Open doors have hooks, personal management trainer finds

 I’ve decided that being literal – doing something in exact accordance with the explicit meaning of a word – is unhelpful. And I am reminded of this whenever I hear busy managers say they’ve embraced the “open door” concept to the nth degree and find themselves without quality time to do some of their work. It’s the interruptions, the pop in staff, the “it will only take a minute” merchants and the noise and distraction of office life in general, that eventually defeat them. They find their day carved up into unworkable splinters of time too small to allow big pieces of work to be done. Pity the poor managers, who in trying to do right by others, often fail to do right for themselves.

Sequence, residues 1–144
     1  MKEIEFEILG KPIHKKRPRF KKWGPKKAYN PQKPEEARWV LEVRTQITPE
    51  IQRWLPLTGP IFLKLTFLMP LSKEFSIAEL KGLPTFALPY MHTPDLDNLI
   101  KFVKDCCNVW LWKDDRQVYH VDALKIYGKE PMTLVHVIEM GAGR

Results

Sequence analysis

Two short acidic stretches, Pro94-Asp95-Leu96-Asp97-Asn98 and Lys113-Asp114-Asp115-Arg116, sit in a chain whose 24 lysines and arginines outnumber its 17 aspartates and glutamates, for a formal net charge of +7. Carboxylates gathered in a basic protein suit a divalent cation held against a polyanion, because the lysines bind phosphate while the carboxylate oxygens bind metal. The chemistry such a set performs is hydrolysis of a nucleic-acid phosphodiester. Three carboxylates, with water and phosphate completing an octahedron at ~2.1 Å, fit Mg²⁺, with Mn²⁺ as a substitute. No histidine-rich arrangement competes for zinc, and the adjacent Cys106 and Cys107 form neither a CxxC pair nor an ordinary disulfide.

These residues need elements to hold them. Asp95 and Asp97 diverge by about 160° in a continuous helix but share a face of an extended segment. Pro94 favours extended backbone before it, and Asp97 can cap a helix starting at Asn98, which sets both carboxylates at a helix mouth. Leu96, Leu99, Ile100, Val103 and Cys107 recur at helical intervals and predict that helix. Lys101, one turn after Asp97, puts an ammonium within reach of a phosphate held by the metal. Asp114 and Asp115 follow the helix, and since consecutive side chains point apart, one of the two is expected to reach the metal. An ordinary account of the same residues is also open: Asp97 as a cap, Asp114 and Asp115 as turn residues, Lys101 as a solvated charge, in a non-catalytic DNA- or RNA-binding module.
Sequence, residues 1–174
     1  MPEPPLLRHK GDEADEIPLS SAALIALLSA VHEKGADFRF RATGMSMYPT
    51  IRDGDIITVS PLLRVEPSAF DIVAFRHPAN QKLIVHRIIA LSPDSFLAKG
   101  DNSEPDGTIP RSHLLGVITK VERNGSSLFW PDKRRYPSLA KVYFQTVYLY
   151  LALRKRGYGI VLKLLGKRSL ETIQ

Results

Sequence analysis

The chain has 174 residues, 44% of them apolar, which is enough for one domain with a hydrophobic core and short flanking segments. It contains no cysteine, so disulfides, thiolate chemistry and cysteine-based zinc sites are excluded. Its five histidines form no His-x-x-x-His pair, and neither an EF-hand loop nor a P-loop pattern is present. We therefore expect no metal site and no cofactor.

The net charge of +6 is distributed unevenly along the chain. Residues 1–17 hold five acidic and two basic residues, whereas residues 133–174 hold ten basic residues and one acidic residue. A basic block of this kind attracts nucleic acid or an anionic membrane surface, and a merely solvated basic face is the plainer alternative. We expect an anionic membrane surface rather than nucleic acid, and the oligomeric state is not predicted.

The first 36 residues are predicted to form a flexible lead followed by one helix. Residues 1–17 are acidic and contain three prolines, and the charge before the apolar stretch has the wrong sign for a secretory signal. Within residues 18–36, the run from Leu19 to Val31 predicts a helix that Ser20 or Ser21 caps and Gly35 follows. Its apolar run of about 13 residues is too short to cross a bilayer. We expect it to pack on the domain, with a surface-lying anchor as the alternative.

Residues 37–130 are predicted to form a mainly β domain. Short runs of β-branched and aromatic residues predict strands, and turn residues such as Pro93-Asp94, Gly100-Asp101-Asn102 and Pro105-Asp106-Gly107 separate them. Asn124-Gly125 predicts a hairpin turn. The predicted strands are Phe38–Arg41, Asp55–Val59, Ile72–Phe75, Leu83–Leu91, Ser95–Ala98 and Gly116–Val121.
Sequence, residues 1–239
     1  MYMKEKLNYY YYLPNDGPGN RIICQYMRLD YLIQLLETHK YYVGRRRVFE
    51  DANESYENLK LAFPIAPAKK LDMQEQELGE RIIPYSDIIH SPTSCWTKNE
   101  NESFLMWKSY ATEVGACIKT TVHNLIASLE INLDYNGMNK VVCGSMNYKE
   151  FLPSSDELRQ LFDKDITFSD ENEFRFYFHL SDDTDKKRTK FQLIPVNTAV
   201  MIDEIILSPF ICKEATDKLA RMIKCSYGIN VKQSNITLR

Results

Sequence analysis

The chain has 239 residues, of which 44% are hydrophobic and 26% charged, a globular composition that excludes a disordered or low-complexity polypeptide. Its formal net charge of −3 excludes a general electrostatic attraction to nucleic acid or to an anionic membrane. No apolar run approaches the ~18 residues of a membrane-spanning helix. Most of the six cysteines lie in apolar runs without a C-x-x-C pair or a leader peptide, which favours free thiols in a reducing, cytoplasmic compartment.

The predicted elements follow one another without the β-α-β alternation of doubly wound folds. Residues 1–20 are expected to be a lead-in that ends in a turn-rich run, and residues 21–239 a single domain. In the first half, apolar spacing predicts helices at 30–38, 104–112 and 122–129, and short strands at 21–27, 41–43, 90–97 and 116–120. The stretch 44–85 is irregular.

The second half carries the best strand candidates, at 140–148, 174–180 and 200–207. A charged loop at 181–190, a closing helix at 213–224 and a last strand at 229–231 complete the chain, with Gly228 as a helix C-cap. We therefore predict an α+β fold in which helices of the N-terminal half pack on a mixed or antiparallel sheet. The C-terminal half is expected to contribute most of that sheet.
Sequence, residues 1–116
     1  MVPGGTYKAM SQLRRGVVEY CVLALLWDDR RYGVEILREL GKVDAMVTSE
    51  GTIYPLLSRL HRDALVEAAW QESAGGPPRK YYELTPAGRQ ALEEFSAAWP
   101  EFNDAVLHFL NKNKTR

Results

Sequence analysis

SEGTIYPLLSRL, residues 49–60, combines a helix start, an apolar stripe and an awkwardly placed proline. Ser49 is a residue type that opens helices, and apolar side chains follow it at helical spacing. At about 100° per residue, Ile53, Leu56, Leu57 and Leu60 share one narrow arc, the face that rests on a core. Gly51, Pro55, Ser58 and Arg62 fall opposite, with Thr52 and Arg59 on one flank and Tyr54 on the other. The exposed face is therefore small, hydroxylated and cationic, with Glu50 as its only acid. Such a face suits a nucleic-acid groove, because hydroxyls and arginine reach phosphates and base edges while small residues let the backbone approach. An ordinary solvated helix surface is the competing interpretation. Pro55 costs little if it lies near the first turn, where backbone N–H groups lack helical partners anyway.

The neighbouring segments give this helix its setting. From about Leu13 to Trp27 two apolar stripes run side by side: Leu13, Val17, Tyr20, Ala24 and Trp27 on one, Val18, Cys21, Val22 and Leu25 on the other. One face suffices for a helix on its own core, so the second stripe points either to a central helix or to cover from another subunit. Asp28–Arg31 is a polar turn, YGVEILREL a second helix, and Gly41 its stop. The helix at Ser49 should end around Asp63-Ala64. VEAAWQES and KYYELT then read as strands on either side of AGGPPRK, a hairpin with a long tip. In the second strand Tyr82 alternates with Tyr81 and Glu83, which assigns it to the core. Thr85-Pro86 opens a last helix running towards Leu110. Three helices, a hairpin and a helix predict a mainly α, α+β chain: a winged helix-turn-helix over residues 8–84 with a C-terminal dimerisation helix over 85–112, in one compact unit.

An excellent time management technique to use (I really think it should be freely available on prescription) is deliberately making oneself unavailable for chunks of time to concentrate on important pieces of work. The trick is to allocate a big enough piece of time for a particular piece of work, so that the work can be done in a hit or several hits, with more than enough time to do them in – without interruption. My plea to managers – speaking as the Queen of Time Management – is to adopt an open and closed door policy; educate your staff that a closed door means do not disturb; and keep your eye firmly on the outcomes you are paid to deliver, in the time you are required to deliver them in.

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